UN / WOMEN IN POWER

12-Mar-2019 00:02:55
General Assembly President María Fernanda Espinosa told delegates to the annual summit of women activists at UN Headquarters in New York that there has been a regression in the number of women leaders around the world. UNIFEED
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STORY: UN / WOMEN IN POWER
TRT: 02:55
SOURCE: UNIFEED
RESTRICTIONS: NONE
LANGUAGE: ENGLISH / SPANISH / NATS

DATELINE: 12 MARCH 2019, NEW YORK CITY / FILE
SHOTLIST
FILE – RECENT, NEW YORK CITY

1. Wide shot, exterior United Nations headquarters

12 MARCH 2019, NEW YORK CITY

2. Wide shot, General Assembly
3. Wide shot, dais
4. Wide shot delegates
5. SOUNDBITE (Spanish) María Fernanda Espinosa Garcés, President, General Assembly:
“Ninety percent of heads of state and government are men, as are 76 percent of parliamentarism. The great majority of countries have never been governed by women, and this is so in all regions of the world. If the present trend continues, reaching parity will take 107 years, over a century. But the most critical is that just four years ago, in 2015, it was projected that in 30 years this gap would be closed.”
6. Wide shot, delegates
7. SOUNDBITE (English) António Guterres, Secretary-General, United Nations:
“Gender equality is fundamentally a question of power, as we still live in a male-dominated world with a male-dominated culture.”
8. Wide shot, delegates
9. SOUNDBITE (English) António Guterres, Secretary-General, United Nations:
“I am proud to be a feminist. And for all those men that believe that gender equality is a necessity, I recommend that they also are feminists. We all need to be feminists in order to make sure that gender equality is achieved in our unequal societies.”
10. Various shots, press conference dais
11. Med shot, journalist
12. SOUNDBITE (English) Kersti Kaljulaid, President, Estonia:
“I am quite sure that – I mean – the Secretary-General was inclined to be a feminist before these elections, but – I mean – having defeated so many women and – I mean – he acquired a certain and special responsibility. And we, right now, we are always ready to support his reform agenda, and we are quite sure that indeed, next time again the sister who will come together and try to promote that both equality and also some of us to lead this organization. But this was not a waste of time. What Helen Clark and other ladies put in, they influenced the agenda. I am quite sure they did.”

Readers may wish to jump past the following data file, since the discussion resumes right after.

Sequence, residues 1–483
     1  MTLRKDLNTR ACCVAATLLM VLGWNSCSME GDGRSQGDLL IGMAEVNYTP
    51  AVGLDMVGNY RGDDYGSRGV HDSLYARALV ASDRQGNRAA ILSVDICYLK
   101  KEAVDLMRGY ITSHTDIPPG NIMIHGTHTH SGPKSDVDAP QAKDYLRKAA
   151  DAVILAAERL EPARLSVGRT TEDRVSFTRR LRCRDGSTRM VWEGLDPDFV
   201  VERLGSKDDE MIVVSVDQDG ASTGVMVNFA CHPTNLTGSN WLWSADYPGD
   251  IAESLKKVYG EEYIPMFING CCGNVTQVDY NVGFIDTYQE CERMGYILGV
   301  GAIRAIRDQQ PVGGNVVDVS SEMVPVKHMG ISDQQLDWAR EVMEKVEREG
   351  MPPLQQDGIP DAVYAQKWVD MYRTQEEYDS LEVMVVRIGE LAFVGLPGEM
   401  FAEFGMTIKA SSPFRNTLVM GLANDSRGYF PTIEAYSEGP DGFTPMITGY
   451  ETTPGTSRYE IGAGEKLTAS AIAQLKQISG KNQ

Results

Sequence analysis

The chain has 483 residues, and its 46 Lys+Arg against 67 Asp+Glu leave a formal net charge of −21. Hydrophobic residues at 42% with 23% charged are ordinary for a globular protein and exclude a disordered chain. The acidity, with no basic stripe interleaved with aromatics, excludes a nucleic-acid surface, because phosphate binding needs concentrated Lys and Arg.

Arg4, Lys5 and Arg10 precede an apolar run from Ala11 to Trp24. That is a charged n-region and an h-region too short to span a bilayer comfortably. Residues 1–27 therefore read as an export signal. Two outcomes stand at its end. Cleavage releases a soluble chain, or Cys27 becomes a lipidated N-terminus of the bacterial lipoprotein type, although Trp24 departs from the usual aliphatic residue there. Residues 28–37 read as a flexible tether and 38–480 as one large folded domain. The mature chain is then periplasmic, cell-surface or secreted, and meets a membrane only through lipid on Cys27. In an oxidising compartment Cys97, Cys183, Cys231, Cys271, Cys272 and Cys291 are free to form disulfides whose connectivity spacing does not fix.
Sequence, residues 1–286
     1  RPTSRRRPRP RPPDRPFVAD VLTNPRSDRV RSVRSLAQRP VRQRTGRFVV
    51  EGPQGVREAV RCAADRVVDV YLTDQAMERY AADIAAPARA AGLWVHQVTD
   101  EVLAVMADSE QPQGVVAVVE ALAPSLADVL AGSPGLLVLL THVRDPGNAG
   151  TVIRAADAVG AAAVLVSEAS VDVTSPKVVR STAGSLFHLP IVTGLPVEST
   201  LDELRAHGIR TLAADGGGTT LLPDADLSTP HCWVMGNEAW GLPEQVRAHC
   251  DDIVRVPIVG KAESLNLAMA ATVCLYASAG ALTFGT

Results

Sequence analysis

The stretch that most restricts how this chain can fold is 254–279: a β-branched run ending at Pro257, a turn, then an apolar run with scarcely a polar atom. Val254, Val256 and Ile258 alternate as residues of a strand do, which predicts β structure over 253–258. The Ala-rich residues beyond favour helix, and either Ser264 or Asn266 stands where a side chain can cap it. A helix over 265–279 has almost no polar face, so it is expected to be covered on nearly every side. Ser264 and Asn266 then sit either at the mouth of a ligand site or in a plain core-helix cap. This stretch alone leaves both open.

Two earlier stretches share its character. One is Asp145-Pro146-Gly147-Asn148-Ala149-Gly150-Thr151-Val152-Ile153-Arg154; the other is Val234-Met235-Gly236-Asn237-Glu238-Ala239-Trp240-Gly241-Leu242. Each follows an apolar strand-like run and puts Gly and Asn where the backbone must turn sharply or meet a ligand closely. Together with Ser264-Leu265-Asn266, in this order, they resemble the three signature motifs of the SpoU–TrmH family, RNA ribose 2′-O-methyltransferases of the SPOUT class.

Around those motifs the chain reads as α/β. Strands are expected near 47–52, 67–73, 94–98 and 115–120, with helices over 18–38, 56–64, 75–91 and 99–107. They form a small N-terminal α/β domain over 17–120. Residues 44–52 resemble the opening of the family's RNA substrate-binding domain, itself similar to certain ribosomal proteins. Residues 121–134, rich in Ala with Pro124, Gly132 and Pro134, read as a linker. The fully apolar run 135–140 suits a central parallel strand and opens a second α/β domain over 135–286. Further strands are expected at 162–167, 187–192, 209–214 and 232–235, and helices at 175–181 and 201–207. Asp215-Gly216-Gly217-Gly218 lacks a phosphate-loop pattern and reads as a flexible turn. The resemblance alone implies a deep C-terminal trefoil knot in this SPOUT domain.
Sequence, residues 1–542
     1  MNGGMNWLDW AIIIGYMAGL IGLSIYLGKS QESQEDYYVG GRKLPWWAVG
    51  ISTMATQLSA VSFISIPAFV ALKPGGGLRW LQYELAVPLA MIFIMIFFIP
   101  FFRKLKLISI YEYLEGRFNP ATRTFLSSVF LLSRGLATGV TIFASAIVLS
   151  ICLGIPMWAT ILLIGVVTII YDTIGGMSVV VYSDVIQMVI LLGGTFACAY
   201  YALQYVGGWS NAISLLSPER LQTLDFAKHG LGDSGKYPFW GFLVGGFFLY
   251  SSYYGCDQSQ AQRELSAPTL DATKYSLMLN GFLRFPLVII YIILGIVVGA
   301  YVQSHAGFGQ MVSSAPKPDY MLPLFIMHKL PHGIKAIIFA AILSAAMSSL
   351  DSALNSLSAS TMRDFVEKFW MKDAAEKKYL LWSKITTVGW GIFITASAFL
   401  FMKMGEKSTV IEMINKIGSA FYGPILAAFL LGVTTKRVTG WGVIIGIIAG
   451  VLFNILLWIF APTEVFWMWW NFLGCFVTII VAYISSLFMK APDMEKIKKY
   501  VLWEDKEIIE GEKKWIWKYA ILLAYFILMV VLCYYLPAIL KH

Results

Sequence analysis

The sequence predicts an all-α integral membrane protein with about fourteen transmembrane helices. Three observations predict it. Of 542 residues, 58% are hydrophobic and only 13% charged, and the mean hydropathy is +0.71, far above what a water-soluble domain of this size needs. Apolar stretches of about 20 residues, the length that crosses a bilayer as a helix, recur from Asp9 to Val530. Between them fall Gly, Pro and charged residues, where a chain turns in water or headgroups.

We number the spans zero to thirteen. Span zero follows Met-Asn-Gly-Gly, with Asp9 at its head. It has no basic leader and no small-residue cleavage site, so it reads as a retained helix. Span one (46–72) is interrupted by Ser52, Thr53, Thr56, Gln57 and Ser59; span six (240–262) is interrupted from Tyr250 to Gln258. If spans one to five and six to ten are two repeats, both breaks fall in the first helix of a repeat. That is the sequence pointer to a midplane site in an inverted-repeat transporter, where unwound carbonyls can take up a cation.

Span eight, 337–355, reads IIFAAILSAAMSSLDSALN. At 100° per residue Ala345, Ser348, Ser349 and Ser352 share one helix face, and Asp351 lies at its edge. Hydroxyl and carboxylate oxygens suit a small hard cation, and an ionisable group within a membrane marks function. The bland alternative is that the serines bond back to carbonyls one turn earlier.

13. Wide shot, journalists
14. SOUNDBITE (English) Paula-Mae Weekes, President, Trinidad and Tobago:
“While women are moving ahead, they are moving ahead very slowly because the cultural norms which affect both men’s and women’s thinking, keeps us from going quickly as we can. So that – as I mentioned in the panel – we do not have a fair representation of women in the stem fields. Girls have not been encouraged to take risks; they have not been encouraged to do science subjects, so that while there is access, there is no true equity, or very little of it.”
15. Med shot, journalists
16. Wide shot, end of meeting
STORYLINE
General Assembly President María Fernanda Espinosa told delegates to the annual summit of women activists at UN Headquarters in New York today (12 Mar) that there has been a regression in the number of women leaders around the world.

The former Ecuadorian Minister of Foreign Affairs who leads the 193-member world body, pointed out that in 2105 it would have taken 30 years to close the gender gap, but now, she told the Commission on the Status of Women (CSW), if current trends continue, gender parity will not be reached for “107 years.”

She said, “ninety percent of heads of state and government are men, as are 76 percent of parliamentarism. The great majority of countries have never been governed by women, and this is so in all regions of the world.”

In his address to the meeting, Secretary-General António Guterres, said “gender equality is fundamentally a question of power, as we still live in a male-dominated world with a male-dominated culture.”

Guterres said he was “proud to be a feminist” and added that “we all need to be feminists in order to make sure that gender equality is achieved in our unequal societies.”

At a later press encounter, the President of Estonia, Kersti Kaljulaid, said expressed support for the
Secretary-General’s reform agenda. Kaljulaid expressed her belief that Guterres “was inclined to be a feminist” before the elections in which he defeated several women candidates, including former New Zealand Prime Minister Helen Clark for the post of Secretary-General.

She added that “this was not a waste of time. What and other ladies put in, they influenced the agenda. I am quite sure they did.”

For her part, the President of Trinidad and Tobago, Paula-Mae Weekes, said, “while women are moving ahead, they are moving ahead very slowly because the cultural norms which affect both men’s and women’s thinking, keeps us from going quickly as we can. So that – as I mentioned in the panel – we do not have a fair representation of women in the stem fields. Girls have not been encouraged to take risks; they have not been encouraged to do science subjects, so that while there is access, there is no true equity, or very little of it.”

As of October, only nine per cent of Member States had a female Head of State or Government and only 24 per cent of parliamentarians were women, according to the UN.

Moreover, in 31 States, women account for less than 10 per cent of parliamentarians in single or lower houses, with four chambers lacking any women members at all. And among the 2018 “Fortune 500” rankings of leading US businesses, only 24 have women CEOs and 12 companies have no women at all on their board.
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